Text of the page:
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Claire N. Barnes, MA Headshot

The Kids' Will Be Just Fine And Other Divorce Myths

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What a start to 2012 -- it seems that celebrity divorces are occurring so frequently that we can hardly keep up. The provocative tabloid divorce headlines grab our attention on the internet, in the grocery check-out line, and even on the news. As these separations are played out on the public stage, I think we assume that celebrities fare better than ordinary people. We imagine that celebrities can hire the best divorce lawyers, attorneys, private mediators and judges because they have the wealth to do so.

But there are universal challenges inherent in all separating families -- challenges not related to the size of a family bank account. The most important challenge, of course, is addressing the well-being of children before, during and after the split. To the credit of high-profile separating couples, most celebrities (there are a few exceptions) make a deliberate effort to keep their children out of the public eye while the divorce plays out. I am inclined to believe, however, that separating celebrities are just as challenged as the rest of us in sorting out their new life while keeping their children's lives stable.

In the spirit of helping people divorce -- both famous and non-famous alike -- I present three myths about the effects of divorce on children.

Myth #1: My children don't notice what is happening between us
. Even if you are an enlightened separating couple making every effort not to fight in front of your children, make no mistake -- they know what is going on. There is so much new information available on brain science which helps us understand the impressions your parental conduct makes on children.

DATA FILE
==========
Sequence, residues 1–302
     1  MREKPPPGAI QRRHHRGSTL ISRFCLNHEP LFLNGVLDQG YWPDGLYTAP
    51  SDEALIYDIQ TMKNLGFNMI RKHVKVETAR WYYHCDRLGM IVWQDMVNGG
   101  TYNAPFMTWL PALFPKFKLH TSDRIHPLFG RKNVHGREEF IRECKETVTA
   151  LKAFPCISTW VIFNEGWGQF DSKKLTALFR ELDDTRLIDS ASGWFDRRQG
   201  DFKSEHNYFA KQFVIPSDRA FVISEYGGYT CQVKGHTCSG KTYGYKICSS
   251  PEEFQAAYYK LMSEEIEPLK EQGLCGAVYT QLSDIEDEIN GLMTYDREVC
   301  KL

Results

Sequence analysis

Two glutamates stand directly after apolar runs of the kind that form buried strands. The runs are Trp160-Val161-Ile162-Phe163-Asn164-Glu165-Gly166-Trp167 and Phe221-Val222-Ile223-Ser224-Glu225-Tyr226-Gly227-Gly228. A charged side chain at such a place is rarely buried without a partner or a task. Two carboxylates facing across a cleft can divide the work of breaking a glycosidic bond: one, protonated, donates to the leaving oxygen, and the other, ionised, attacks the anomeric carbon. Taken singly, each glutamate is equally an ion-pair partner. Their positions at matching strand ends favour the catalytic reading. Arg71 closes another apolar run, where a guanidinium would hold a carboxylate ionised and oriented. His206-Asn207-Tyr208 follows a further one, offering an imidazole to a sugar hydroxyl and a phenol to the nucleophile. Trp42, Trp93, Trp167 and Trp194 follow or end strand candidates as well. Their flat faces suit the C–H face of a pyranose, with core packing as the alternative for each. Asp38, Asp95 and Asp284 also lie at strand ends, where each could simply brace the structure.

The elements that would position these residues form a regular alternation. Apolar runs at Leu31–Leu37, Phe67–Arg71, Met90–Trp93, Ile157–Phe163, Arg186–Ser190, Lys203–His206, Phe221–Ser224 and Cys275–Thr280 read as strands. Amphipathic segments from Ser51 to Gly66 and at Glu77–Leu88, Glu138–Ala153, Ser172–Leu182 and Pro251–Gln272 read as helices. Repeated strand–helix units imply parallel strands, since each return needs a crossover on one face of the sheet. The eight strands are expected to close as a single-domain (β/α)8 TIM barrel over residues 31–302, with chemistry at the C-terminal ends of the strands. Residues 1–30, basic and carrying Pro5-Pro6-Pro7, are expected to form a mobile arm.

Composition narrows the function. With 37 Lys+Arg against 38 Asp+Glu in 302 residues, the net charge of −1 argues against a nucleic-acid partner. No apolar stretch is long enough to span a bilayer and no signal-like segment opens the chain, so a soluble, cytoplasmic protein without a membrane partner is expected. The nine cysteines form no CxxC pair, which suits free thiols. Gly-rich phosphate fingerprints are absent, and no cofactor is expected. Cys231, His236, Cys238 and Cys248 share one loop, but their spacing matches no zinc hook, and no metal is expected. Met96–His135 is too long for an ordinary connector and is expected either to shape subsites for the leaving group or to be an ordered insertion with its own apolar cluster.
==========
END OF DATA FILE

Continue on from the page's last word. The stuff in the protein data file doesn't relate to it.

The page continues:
Youngsters of all ages look to us to learn how to act in our human relationships -- they mirror what we do. Even though you think you are stating neutral verbal messages about the other parent, how you say it (look, gestures, body language, tone of voice) communicates your real meaning. You may need to put on an award-winning performance to get through this, but you can do it!

Myth #2: My children know this is not about them
. The younger the child, the more limited their world. Starting with infancy and preschool age, a child's world revolves around him/her -- they are the center of their own universe. When a split occurs in the life of a very young child, the impression that they caused the parents separation can remain for a long time -- even a lifetime. The developmental stage of the children determines how the family changes are internalized. Elementary school-age children can feel alone and isolated. Adolescents and teenagers worry about what their friends will think (Will they have to move? Will there still be money for all the things they like to do?)

Many children of divorce carry these impressions to such a degree that their ability to develop their own relationships can be impeded later in life. Remember, parents: your children didn't create these problems. Clearly stating and demonstrating an age-appropriate message and consistently relieving them of responsibility for the break-up is a critical element in successful family reorganization.

Myth #3: My children will be just fine. This myth may not be a total myth, after all. It was the Greatest Generation and the Baby Boomers who experienced a dramatic increase in divorce in the United States. The evolving philosophy from 1950 forward focused on the resilience of children and the notion that youngsters could handle just about anything.

The research in the field of divorce and separation is very clear: children who experience the break-up of a family can manage pretty well if parents make significant efforts to reduce conflict before, during and post-separation. Intellectually, this probably sounds easy to do. But since conflict is what leads to separation in the first place, changing those adult behaviors can be difficult.

At Kids' Turn, a nonprofit organization that provides divorce education for kids and their parents, we are strong advocates of programs that are designed to teach parents new ways to conduct their family lives with reduced conflict. Some programs are better than others and most communities offer something. If parents do not want to take a divorce education class, they can find some noted authors on the subject (like Dr. Isolina Ricci), and informative websites abound. Do your homework and you will improve the circumstances for your children.

I hope debunking these myths help both celebrity parents and not-so-famous parents focus on their children during this difficult time.